George Takurua

Ingoa whānau
Ingoa tuatahi
Date of death
Place of death

World War 2

Tau Rangatū
Second Lieutenant
Wāhi noho
Ruatoki, New Zealand
Whanaunga tino tata i te wā o te kuhunga
Mrs K. Takurua (wife), Ruatoki, New Zealand
Ngā tuhinga

Colonel Awatere wrote about George Takurua in his biography Awatere.

“My friend, the gallant Lieutenant George Takurua had fallen at the head of his men!  Oh what a tragedy to have lost such a man.  Of the Tuuhoe tribe, an only son of Chief Tamarau Takurua, this soldier was a loss not only to our Forces but also to his Tuuhoe people at home: as the ancient heroic poem of his Tuuhoe ancestors puts it:

Naa naa wharanii
Koe i whakamakariri atu
Ko Poohaturoa;
E hara i muri nei;
Kia whakataukiitia
Ko te uri oo Tuuhoe
Moumou tangata ki te Poo e!

The following is an interpretation, albeit a poor one, to retain the Maaori imagery without being too tangled in mixed metaphors:

By the weapons-of-war
Were you laid low
Yonder at Poohaturoa;
Tis no modern tradition;
Let it be declared
You are the descendant of Tuuhoe
Despatcher of men to the underworld!

B Company was also known as Te Arawa Company because it catered for men from the thermal region.  Lieutenant George Takurua commanded a platoon mostly of men of Tuuhoe descent, from Waikaremoana to Ruataahuna to Ruaaatoki, people who were named by the later Elsdon Best as Children of the Mist.”

Reference: Hinemoana Ruataupare Awatere (ed), Awatere : a soldier's story / Arapeta Awatere, Huia, Wellington, pp 152-153

  • George Takurua was the son of Tuhoe chief Takurua Tamarau, read his biography here.

Takupu (1)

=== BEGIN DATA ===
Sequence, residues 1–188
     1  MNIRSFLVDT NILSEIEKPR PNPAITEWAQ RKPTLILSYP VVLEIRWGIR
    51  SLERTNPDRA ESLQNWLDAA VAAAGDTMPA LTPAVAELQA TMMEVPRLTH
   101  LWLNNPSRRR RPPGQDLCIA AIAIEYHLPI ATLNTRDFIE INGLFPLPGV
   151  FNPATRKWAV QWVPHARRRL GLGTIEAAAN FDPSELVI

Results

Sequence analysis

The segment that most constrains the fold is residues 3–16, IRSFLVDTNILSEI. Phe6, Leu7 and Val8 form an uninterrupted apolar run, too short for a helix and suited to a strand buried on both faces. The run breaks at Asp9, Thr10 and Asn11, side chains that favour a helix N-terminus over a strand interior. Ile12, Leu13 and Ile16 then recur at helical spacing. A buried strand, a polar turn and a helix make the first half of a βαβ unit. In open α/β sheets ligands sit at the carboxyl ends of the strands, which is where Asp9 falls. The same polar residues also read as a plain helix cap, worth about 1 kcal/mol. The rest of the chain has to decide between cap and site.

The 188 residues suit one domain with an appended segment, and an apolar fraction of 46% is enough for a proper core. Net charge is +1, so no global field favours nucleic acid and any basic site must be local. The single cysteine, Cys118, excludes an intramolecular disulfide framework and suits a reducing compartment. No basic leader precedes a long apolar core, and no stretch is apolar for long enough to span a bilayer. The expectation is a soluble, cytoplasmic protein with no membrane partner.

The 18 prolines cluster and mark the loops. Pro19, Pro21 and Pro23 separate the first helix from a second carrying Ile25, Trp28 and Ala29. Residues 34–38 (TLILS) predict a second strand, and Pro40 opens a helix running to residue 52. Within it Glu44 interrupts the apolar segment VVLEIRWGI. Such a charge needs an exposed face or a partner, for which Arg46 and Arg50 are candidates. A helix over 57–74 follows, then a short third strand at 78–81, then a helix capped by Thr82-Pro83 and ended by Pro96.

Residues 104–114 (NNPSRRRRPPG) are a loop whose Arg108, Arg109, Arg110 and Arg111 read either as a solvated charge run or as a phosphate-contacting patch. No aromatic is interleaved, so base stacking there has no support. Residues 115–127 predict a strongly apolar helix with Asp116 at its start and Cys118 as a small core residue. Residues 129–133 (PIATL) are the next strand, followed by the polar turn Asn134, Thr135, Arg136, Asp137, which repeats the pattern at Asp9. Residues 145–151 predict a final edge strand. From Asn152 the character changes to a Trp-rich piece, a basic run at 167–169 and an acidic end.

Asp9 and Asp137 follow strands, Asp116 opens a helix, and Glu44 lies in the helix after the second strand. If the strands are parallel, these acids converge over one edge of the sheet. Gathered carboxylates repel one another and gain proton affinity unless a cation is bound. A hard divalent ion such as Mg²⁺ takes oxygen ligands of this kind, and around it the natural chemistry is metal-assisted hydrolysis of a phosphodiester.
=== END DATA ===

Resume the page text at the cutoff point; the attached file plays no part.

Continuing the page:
Bay of Plenty Beacon, Volume 7, Issue 60, 28 March 1944, Page 5With the official presumption of the death of 2nd Lieut. Takurua overseas, the district has lost yet another promising young life. Second Lieut. Takurua was the third son of Takurua Tamarau one of the foremost chiefs of the Mataatua, and paramount chief to-day of the Tuhoe tribe. He was born at Ruatoki 30 years ago, and was educated at the Ruatoki Native School. Owing to a long illness during this period he was forced to leave school in Standard 2 at the age of 15. He commenced work in the Gisborne and Hawke’s Bay districts and was able to increase his ability to use the English language till he could speak it quite fluently. In his own life was outstanding. He enlisted on the 4th April, after having worked for some time as a carting contractor, and was mobilised in May of the same year. He sailed from New Zealand on the 5th August, 1943, having obtained his commission at the end of the preceding year.The late 2nd Lieut. Takurua was a gifted musician, as well as being prominent in the field of sport. He was runner up in the Junior Championship, 1928, for the Mataatua Lawn Tennis Association Trophy, while during his period in the Army, he was conductor of the Battalion Dance Band, at Ohaewai Military Camp.He was married to Miss T. Merito, grand child of Merito Hetaraka another prominent chief of Mataatua, and leaves two children. He was posted missing on the 18th February, 1944 and reported killed two days later. His loss will be widely felt, and the deepest sympathy is extended to his wife and children, and to his sorrowing family.[Te Awhi's note: This was a lovely yet sad little find in the paper and I took the liberty of correcting the spelling in this article from Takarua to Takurua and Tamama to Tamarau as above.]